Ada Limón, the 24th U.S. poet laureate and the eighth woman in that role, brought her approachable poetry and focus on nature to her first reading as laureate September 29 at the Library of Congress.

The laureate position “brings attention to the art of poetry, and literature more generally,” says Kathy Fagan, herself a poet and an English professor at Ohio State University. “It’s a symbol to other nations that ours values the ancient art of poetry.”

In July, Librarian of Congress Carla Hayden announced Limón’s appointment as U.S. poet laureate, and Limón’s term began earlier this month.

“Her accessible, engaging poems ground us in where we are and who we share our world with,” Hayden said. “They speak of intimate truths, of the beauty and heartbreak that is living, in ways that help us move forward.”

Limón has published six books of poetry, including a 2018 volume titled The Carrying, which won the prestigious National Book Critics Circle Award. Raised in California, Limón now lives in Lexington, Kentucky, where she hosts a poetry podcast called The Slowdown. She is the first Latina and Mexican American in the role.

Fagan, whose six poetry collections include Bad Hobby, says Limón’s work is understandable for all kinds of readers.

“Her work is clear and tender and about the stuff of this world — animals, family, growing up as a girl,” Fagan says. “It’s what poetry wants to do — reach readers and bring them to see a new place in the world.”

Limón’s poem “How to Triumph Like a Girl,” from the book Bright Dead Things, begins:

  “I like the lady horses best,
  how they make it all look easy,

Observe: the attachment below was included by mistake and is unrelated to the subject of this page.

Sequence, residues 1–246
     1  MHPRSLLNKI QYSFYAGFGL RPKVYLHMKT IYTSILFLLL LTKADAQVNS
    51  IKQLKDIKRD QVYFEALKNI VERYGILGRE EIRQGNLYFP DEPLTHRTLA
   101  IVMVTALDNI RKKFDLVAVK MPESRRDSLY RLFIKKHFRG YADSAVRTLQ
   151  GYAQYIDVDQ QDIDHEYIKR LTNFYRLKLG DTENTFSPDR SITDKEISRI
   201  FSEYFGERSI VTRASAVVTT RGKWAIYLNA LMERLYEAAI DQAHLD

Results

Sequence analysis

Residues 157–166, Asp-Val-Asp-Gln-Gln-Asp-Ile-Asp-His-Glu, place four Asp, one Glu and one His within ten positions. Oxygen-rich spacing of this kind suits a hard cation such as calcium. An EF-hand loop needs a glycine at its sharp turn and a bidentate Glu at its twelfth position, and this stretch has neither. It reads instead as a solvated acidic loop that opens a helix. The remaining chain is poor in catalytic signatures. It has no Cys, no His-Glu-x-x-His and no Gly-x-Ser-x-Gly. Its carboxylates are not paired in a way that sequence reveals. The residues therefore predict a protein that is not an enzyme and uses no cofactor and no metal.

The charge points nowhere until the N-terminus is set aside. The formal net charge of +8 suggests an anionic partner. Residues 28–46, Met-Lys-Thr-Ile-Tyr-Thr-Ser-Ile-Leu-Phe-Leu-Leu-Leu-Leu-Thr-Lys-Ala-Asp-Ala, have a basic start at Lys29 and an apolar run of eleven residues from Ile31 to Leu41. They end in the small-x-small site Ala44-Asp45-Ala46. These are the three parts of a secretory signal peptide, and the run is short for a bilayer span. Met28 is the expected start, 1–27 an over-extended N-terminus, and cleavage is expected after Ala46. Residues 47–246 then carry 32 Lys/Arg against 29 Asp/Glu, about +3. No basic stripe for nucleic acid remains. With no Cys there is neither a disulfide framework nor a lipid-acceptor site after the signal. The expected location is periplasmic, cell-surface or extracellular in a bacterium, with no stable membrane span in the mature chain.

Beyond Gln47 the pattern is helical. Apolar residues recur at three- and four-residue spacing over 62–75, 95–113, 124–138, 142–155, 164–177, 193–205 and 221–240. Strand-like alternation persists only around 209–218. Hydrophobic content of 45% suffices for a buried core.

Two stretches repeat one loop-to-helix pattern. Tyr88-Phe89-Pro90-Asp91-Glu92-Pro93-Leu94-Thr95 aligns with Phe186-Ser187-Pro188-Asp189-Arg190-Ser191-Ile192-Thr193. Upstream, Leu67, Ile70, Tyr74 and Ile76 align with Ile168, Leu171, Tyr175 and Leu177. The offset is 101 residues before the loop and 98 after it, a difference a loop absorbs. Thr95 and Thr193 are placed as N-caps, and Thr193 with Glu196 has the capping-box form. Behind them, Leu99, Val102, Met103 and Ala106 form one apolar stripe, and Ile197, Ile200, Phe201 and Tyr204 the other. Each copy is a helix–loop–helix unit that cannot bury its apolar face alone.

like running 40 miles per hour
  is as fun as taking a nap, or grass.
  I like their lady horse swagger,
  after winning. Ears up, girls, ears up!”

Fagan is pleased to see a woman of color named to the prestigious post. Limón follows Joy Harjo, a Native American, in the post.

Limón writes as beautifully about the environment as about animals, Fagan notes. In “Instructions on Not Giving Up,” from The Carrying, Limón writes of the bloom of spring:

  “Patient, plodding, a green skin
  growing over whatever winter did to us, a return
  to the strange idea of continuous living despite
  the mess of us, the hurt, the empty. Fine then,
  I’ll take it, the tree seems to say, a new slick leaf
  unfurling like a fist to an open palm, I’ll take it all.”

Limón says she looks forward to amplifying poetry’s ability to restore humanity. “Again and again, I have been witness to poetry’s immense power to reconnect us to the world, to allow us to heal, to love, to grieve, to remind us of the full spectrum of human emotion,” she says.

Poetry takes more effort than pop music, Fagan notes, but offers, especially with an accessible poet like Limón, a way to slow down and pay attention to what’s important.

Banner image: Ada Limón stands outside the Library of Congress in Washington, where she will have an office as the U.S. poet laureate. (Shawn Miller/Library of Congress)